Your mortgage is usually your largest home related expense. But there are many more property related expenses you should budget for including property taxes and home insurance premiums. Sometimes these are bundled together in your mortgage, but even if they are, tracking how much your annual home insurance premiums are as well your annual property taxes is important.
In addition, there are many more home related expenses to budget for that add to your overall home finances. Including utilities such as gas/electric, water, garbage, and phone / internet bills. Depending on the type of home you have and your preference, there are more service related costs such as pest control, landscaping, cleaning, and pool service costs. Your total home related expenses are your largest set of expenses, often times 30% to 40% of your monthly incomes, so having a budget keeps you in financial control.
Don’t Forget Maintenance and Repair Costs
All homes need ongoing maintenance and repair tasks. Things like air filters, fire extinguishers, tree trimming services, caulking, mowing the lawn, small tools, repairing broken toilets, steam cleaning the carpets, etc. all add up. It is important to track these costs as they add up to your total cost of ownership.
A good budgeting rule of thumb is to take between 1 and 4% of the purchase price of your home as your annual maintenance and repair cost. If your home is less than 5 years old, then 1% is a good number because your home’s appliances, equipment and materials are still relatively new. But if your home is 25 years or older, then 4% is a better number because many of your home’s materials and equipment have reached the end of their useful life, and you will spend more money fixing or replacing them.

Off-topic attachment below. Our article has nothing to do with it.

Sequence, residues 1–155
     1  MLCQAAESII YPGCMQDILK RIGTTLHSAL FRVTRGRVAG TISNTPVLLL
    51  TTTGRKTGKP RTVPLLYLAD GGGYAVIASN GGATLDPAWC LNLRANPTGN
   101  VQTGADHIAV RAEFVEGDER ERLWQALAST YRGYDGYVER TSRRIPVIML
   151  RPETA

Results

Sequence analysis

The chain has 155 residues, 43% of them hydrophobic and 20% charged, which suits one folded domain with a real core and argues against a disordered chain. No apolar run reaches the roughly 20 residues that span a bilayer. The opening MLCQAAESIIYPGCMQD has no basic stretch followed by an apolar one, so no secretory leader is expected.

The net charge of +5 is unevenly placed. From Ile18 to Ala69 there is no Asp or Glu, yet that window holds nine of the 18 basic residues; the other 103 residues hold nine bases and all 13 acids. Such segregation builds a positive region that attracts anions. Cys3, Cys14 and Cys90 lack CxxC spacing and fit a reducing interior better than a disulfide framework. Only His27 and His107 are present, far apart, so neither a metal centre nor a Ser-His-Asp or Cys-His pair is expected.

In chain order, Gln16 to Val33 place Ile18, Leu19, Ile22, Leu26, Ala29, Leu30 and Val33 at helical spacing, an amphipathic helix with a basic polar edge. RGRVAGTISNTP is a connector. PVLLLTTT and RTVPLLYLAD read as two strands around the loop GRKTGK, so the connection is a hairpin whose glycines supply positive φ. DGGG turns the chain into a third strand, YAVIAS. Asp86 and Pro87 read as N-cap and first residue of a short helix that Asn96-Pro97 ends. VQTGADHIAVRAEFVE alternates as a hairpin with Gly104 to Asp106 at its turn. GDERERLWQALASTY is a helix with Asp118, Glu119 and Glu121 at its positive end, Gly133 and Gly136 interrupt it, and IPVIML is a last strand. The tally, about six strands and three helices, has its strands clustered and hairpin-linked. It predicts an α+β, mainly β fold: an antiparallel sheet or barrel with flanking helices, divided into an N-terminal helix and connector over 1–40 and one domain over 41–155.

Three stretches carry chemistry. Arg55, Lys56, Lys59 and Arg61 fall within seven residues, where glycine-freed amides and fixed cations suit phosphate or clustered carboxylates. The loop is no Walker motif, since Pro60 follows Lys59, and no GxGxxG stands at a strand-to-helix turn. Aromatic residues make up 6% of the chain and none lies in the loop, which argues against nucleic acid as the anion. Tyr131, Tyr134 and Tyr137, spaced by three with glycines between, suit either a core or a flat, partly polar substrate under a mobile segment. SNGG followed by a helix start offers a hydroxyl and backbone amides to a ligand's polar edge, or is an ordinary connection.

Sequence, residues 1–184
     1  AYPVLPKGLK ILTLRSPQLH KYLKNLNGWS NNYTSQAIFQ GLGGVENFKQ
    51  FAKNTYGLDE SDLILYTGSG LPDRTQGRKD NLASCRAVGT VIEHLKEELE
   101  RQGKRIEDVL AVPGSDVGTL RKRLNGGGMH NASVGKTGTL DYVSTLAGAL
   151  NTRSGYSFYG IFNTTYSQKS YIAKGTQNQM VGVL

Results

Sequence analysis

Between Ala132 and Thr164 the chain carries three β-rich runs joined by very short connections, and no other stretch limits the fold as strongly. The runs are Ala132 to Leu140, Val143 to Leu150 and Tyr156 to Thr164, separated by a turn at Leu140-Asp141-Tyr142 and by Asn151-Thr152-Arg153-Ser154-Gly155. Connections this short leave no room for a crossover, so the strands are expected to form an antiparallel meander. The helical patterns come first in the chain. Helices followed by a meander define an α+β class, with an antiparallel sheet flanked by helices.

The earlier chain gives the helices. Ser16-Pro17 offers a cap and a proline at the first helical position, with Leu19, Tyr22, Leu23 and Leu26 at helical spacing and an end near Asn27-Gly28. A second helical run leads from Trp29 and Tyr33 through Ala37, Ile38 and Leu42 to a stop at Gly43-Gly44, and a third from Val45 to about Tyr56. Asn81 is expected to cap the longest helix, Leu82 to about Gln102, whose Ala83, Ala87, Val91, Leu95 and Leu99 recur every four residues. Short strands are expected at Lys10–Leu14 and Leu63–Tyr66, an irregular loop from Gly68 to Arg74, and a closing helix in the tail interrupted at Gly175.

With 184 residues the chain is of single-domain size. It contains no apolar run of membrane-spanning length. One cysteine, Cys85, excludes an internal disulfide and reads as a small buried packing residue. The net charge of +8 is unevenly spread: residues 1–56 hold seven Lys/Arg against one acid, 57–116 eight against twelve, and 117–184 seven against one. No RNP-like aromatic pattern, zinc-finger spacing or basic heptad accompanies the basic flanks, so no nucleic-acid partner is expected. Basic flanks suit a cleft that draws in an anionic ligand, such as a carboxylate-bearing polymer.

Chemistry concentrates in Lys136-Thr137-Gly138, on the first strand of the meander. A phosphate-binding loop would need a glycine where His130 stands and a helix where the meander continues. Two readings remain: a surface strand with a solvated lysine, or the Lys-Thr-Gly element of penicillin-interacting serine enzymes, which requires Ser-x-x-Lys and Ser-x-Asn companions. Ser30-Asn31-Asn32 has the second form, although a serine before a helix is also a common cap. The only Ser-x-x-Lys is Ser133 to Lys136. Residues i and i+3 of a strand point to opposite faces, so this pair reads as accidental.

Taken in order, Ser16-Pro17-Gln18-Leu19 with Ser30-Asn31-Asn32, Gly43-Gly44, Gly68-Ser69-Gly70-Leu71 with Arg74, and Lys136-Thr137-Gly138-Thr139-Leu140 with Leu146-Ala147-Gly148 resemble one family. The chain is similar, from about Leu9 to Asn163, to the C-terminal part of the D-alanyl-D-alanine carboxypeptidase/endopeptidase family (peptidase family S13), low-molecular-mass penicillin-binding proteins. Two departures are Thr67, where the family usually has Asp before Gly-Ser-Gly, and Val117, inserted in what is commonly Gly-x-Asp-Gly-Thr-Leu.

Home Remodel Projects
For those people who perform larger remodel or renovation projects, it is important to track your budgets and your actual costs for these. The budget is important because each project can have a wide range of costs depending on the products and brands you select. Start by creating a realistic budget for your project. This can be done simply by researching different brands and products at different price points.
Keep Detailed Records
While managing your project, make sure you track all your costs along with all the invoice and receipts. Many renovations can be considered as additional investments in your home. By adding up the total amount of all your remodels to the original purchase price of the home, you have your tax basis. Your accountant will need to know this number if you ever decide to sell your home to assess your tax situation.
Be Financially Aware
Many people ignore all the financial aspects of their home, yet as you can see above, there are so many reasons to manage all your home finances. Some people will use spreadsheets and paper to try and stay on top of these. Yet, others will use digital home management software apps like HomeZada to help them get organized. Whatever method you choose, managing your home as a complex financial asset will save you money both short and long term, and can possibly even improve the value of your home.